Kentish Town house sells at record speed as appetite for Camden property steady

This three-bedroom house in Kentish Town NW5 sold in less than 48 hours in March

This three-bedroom house in Kentish Town NW5 sold in less than 48 hours in March - Credit: Archant

The London property market saw the first March fall in prices in three years this month, with inner London asking prices falling by 2.2 percent.

This is the biggest decrease in the month of March – the beginning of a period when the market tends to start picking up – since 2011, according to figures from online property portal Rightmove.

However, average asking prices in the capital are still increasing, with the typical price tag on a property in London now £580,308.

Nationally the average asking price has risen to £273,528, which is £34,000 higher than the pre-crisis high in 2008.

This month’s figures suggest a more nuanced re-adjustment of the market, with pricing and time to sell seeing considerable variations depending on the location and calibre of properties.

Miles Shipside, Rightmove director and housing market analyst said: “The top and bottom ends of the market in the capital are suffering, having become over-heated and also out of kilter with either buyers’ judgements of value or ability to afford.

“An over-heating market can take a long time to cool back down and for transaction volumes to recover after buyers have been driven out by over-pricing.”

This view seems to be reinforced by the situation in Camden, which saw asking prices rise 2.4 per cent to £1,044,045 in March.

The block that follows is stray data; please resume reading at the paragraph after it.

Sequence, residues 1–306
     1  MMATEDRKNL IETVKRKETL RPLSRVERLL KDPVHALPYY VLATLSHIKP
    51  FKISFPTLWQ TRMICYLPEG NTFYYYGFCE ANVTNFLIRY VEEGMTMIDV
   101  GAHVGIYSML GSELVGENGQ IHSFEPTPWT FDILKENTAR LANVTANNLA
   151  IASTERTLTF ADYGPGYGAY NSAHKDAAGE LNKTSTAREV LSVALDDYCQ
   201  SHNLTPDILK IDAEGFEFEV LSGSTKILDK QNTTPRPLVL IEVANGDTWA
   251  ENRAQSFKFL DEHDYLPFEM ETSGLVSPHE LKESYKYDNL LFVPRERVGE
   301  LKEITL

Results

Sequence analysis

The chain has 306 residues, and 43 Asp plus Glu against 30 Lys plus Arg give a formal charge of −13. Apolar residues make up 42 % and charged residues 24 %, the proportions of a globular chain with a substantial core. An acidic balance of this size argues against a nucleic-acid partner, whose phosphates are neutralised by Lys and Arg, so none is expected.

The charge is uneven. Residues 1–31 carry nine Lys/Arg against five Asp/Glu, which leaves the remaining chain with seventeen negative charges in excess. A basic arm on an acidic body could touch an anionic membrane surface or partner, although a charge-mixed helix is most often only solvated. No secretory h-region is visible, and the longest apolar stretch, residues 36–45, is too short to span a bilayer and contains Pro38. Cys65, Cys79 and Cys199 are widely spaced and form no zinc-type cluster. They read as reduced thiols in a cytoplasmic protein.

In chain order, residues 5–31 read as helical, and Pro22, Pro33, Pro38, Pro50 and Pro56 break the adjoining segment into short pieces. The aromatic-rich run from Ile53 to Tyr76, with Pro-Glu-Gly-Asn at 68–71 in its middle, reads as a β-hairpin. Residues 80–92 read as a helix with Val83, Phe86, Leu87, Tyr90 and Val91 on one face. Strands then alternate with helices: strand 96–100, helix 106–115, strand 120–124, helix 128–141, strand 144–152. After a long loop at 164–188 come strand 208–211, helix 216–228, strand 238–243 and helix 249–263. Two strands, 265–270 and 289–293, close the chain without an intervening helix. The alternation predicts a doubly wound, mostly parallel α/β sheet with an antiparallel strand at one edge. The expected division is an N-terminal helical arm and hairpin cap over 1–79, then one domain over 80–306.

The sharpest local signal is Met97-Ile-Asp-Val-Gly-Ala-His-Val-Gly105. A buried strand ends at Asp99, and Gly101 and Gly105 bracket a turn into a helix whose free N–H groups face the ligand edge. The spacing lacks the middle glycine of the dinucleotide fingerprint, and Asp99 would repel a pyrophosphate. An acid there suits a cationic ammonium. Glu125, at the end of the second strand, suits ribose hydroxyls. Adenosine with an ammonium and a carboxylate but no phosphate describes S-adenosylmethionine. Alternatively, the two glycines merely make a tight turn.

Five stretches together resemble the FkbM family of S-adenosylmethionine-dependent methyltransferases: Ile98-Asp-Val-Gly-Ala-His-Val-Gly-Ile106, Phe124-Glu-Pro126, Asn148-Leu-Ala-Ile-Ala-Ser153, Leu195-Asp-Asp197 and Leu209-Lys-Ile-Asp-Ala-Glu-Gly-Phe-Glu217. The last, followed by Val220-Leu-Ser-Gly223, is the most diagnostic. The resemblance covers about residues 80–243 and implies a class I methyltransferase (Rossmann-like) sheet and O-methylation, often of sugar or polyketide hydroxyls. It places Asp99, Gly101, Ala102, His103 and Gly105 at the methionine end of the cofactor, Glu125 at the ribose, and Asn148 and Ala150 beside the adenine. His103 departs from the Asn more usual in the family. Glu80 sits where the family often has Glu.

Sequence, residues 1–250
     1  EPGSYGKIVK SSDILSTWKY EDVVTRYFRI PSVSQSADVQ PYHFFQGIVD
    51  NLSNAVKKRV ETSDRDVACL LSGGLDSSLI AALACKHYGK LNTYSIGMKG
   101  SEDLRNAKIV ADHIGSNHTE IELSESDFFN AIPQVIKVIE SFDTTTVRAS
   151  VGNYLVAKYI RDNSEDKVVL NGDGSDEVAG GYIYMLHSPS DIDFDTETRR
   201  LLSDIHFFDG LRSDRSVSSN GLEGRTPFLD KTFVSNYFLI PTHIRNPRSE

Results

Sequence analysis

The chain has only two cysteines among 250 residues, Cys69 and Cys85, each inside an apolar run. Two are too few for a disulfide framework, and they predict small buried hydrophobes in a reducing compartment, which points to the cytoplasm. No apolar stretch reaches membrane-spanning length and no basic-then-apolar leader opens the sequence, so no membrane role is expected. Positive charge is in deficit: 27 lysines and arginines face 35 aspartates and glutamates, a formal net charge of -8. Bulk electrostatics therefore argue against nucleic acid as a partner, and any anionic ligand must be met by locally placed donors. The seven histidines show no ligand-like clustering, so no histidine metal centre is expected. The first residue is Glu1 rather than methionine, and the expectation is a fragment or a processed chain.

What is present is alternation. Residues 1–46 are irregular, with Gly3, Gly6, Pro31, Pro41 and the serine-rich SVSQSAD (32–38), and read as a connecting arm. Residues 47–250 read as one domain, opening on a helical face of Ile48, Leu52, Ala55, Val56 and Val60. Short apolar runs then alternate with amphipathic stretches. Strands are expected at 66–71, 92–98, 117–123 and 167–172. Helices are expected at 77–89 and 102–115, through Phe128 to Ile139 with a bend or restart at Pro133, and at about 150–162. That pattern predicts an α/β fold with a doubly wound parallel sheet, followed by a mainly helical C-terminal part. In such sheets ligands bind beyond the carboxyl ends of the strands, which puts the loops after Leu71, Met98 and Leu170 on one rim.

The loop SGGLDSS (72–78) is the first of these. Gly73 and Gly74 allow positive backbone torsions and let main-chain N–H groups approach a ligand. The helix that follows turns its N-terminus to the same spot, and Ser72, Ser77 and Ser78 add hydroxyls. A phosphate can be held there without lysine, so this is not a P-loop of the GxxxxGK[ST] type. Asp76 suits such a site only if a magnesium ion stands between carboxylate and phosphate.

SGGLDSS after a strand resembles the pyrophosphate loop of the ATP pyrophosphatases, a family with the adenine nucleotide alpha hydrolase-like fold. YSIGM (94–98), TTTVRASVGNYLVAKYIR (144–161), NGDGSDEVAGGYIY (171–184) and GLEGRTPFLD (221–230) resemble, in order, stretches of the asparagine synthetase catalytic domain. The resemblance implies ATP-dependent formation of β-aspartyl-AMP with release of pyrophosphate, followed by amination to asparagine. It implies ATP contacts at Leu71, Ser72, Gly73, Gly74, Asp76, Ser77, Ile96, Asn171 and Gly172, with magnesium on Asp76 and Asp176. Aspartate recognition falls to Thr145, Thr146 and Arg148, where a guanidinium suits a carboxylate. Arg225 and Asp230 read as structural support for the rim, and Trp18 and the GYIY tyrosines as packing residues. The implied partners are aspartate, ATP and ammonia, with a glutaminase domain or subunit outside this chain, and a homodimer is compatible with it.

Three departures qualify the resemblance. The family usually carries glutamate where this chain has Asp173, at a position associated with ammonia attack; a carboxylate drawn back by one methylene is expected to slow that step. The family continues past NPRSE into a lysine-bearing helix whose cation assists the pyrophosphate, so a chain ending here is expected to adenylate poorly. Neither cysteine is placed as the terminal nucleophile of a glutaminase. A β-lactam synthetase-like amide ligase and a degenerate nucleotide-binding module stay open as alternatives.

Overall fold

Agents operating primarily at the top of the market have been reporting steep drops in activity, while those dealing in mid-range properties have seen a greater appetite from buyers.

Chesterton’s Kentish Town broke their own record for time to sell in March, with a three-bedroom terraced property snapped up within 48 hours last week.

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Peter Malcomess, associate director of the branch, said: “This is the quickest sale we’ve ever done. We launched the property on the Monday afternoon and the sale was agreed on Wednesday for the asking price of £1.15million.

“When a property of this nature comes on it’ll fly out because there are a lot of people looking at this level.

“However, a couple of streets up you’re looking at properties costing more like £1.5 million and that brings a whole lot of things into consideration, in particular higher Stamp Duty liability.

“The election is certainly putting a dampener on things and there’s a general feeling that people are holding off. Instructions have been a little slower than last year but there are still certain properties that will move more quickly than others.”